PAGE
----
In a world where Sherlock Holmes is more commonly known from modern-day crime dramas and Robert Downey Jr. movies than Sir Arthur Conan Doyle’s original stories, European developer Frogwares wants to try the noble thing and bring the famed detective back closer to his literary roots. As such, The Testament of Sherlock Holmes--Frogwares’ seventh entry in its Sherlock Holmes series and the first one for consoles since 2008’s Sherlock Holmes Versus Jack The Ripper--eschews gunplay and ‘splosions for some good ol’ fashioned clue collecting and mystery solving. And while this adventure game suffers from some typical genre woes in the puzzle and presentation departments, its engaging plot and interesting spin on the Holmes character make it a solid entry in the longstanding character’s legacy.
Watch The Testament of Sherlock Holmes launch trailer
On the surface, The Testament’s story is usual Holmesian fare. A prominent figure is murdered, so Sherlock and his partner Watson are tasked with getting to the bottom of the shenanigans. But things are not as they first seem, and a relatively simple case soon becomes a complex conspiracy that not only puts England at risk, but also causes friction between the detective and his best bud. Along the way, you’ll gather clues, make deductions, and solve a variety of puzzles as both Holmes and Watson (and even their helpful hound Toby at one point) until the case is cracked for good.
It may all sound familiar, but the enthusiasm and maturity with which Frogwares tackles the Holmes lore is undoubtedly the best part of The Testament. Sherlock is arrogant, condescending, and eccentric, but he remains ingenious and altogether likable throughout. Watson, meanwhile, plays the ordinary, everyman foil readers have come to know, love, and identify with. Both of these icons are fully-formed and well-acted, making your time with them a satisfying one.
One of game’s biggest (non-spoiler) twists, for instance, finds Holmes himself becoming a primary suspect in the case. The resulting sections, which find Holmes blackmailing suspects, threatening rowdy kids, aiding escaped prisoners, and even sedating people with opium, among other things, will more than successfully keep interests piqued. When Watson’s faith in his partner begins to waver as a result, it gets even better. These are 125 year-old characters that have appeared in dozens of pieces of entertainment, remember, so the fact that Frogwares has managed to make them feel relatively fresh again is a commendable accomplishment.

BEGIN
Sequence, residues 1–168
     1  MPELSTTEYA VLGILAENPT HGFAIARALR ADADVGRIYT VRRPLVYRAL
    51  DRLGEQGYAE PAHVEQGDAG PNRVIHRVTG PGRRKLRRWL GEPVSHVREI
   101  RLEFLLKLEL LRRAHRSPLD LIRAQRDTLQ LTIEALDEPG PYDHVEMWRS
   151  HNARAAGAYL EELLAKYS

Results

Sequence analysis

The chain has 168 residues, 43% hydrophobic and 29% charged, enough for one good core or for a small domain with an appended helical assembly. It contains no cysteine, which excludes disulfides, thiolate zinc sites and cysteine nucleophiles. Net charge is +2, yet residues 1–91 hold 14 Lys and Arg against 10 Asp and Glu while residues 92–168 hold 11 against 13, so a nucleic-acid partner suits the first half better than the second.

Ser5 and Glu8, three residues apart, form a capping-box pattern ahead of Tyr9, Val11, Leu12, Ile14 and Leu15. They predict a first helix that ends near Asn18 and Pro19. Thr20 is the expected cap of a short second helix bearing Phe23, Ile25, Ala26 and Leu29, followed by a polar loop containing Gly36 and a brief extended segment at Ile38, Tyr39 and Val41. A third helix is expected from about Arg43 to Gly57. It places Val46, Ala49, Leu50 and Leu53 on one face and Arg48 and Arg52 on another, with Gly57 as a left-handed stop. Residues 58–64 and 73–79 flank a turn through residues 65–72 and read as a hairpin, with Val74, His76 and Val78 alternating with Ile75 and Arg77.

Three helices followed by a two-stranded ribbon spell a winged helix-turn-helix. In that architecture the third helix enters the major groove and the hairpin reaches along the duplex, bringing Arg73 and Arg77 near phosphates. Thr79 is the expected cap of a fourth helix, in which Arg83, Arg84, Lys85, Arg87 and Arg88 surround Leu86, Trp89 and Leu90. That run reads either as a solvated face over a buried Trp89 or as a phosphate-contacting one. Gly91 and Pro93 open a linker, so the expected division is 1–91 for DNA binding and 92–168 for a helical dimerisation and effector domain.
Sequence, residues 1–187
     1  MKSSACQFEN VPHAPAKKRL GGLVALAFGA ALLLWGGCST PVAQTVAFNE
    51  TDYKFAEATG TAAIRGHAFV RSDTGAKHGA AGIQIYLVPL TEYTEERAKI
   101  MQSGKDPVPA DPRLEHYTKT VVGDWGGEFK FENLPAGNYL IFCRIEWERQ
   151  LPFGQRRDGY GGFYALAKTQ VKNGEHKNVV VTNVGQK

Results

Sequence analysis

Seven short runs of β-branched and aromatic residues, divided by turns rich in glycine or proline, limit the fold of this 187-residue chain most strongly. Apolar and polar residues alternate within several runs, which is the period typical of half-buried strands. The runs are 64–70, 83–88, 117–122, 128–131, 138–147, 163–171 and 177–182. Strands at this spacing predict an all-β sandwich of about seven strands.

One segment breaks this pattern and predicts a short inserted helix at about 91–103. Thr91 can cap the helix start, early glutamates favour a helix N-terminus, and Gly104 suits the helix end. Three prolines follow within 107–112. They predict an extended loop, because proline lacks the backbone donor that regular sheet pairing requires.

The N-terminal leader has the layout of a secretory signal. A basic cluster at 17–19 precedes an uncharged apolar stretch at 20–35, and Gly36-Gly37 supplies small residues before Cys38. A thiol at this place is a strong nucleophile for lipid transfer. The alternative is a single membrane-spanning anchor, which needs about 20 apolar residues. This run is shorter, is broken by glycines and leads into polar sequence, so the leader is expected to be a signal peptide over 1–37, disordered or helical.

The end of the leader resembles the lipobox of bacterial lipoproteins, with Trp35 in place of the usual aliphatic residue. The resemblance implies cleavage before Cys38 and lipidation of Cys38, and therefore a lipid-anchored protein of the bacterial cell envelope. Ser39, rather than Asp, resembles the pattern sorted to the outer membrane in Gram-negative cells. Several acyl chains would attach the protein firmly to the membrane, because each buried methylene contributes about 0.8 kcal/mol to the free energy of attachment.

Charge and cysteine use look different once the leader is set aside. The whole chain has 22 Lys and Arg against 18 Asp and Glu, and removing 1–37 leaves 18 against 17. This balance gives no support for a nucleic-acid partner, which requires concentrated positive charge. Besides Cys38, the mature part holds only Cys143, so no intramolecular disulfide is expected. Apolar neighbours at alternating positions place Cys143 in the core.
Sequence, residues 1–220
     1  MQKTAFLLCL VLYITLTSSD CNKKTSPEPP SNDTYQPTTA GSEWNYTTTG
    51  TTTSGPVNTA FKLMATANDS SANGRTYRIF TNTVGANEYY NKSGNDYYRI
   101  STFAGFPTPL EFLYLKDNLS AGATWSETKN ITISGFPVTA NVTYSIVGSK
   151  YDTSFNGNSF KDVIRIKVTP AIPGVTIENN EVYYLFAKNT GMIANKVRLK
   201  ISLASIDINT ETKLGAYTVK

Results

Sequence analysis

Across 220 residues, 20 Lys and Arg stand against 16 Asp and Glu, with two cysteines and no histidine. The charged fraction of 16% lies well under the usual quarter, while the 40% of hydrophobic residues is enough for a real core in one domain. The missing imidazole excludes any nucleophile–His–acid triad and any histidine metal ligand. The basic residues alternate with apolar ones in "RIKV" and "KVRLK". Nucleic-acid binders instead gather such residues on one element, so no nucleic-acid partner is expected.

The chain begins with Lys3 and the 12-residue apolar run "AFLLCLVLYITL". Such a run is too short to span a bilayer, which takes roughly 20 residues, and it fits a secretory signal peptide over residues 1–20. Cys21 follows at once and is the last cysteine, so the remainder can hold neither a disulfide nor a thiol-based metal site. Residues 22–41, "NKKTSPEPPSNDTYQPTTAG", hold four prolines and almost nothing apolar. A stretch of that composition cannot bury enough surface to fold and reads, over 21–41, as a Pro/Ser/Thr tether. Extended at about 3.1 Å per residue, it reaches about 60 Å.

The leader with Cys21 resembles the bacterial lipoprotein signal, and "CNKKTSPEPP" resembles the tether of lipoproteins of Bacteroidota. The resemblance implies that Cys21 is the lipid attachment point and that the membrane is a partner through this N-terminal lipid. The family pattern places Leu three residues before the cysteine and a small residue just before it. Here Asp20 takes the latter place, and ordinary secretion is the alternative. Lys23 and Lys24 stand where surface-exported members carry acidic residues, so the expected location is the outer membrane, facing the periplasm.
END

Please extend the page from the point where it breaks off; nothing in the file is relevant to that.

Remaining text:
But alas, when you actually get to play as the detective duo, some all-too-familiar issues begin to appear out from underneath the magnifying glass. The many puzzles you’ll solve from scene to scene are varied, sure, and the returning “deduction board” feature--where you take the info you’ve gathered for a particular happening and piece together your various conclusions--is fun, but completing them is often more frustrating than necessary.
Watch this teaser trailer from The Testament of Sherlock Holmes
While it is nice to have your intellect challenged from time to time, the game omits a useful hint system in favor of a “Skip Puzzle” option that lets you bypass the mental gymnastics altogether. This lack of assistance results in more than a few instances where you’re left staring at your screen, frantically tapping the game’s sort-of-but-not-entirely-helpful “sixth sense” button (which allows Sherlock and company to see what objects in the environment can be interacted with), and wondering what you’re supposed to be doing before declaring yourself too dumb to understand what’s going on. You may be playing as a world-renowned detective, but chances are good that you won’t always feel like one.
You won’t always move like one either. The Testament offers both first-person and third-person play, but good luck if you decide to go with the latter. Movements are clunky, stiff, and awkward, oftentimes making the simple act of looking at object a minor challenge. First-person control may sacrifice a better view of your surroundings, but controls considerably smoother by comparison. The game’s decidedly average looks, lacking production values, and handful of annoying bugs--there was one where Holmes would frequently walk into a door for 30 seconds before opening it--don’t help either.
It’s definitely not perfect, but The Testament of Sherlock Holmes is still worth a look if you’re ever in the market for a new point-and-click-style adventure. Its portrayal of the world’s greatest fictional detective does the license justice, and its narrative intrigues up until its satisfying conclusion, even if getting there can be a pain sometimes. In other words, it’s all elementary, my dear friends.
This game was reviewed on Xbox 360.